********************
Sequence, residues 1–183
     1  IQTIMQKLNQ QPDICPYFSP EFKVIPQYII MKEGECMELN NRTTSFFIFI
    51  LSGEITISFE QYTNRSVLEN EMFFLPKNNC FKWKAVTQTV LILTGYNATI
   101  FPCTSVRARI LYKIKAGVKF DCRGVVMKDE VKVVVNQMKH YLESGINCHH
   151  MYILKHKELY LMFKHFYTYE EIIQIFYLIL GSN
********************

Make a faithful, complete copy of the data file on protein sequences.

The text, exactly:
Sequence, residues 1–183
     1  IQTIMQKLNQ QPDICPYFSP EFKVIPQYII MKEGECMELN NRTTSFFIFI
    51  LSGEITISFE QYTNRSVLEN EMFFLPKNNC FKWKAVTQTV LILTGYNATI
   101  FPCTSVRARI LYKIKAGVKF DCRGVVMKDE VKVVVNQMKH YLESGINCHH
   151  MYILKHKELY LMFKHFYTYE EIIQIFYLIL GSN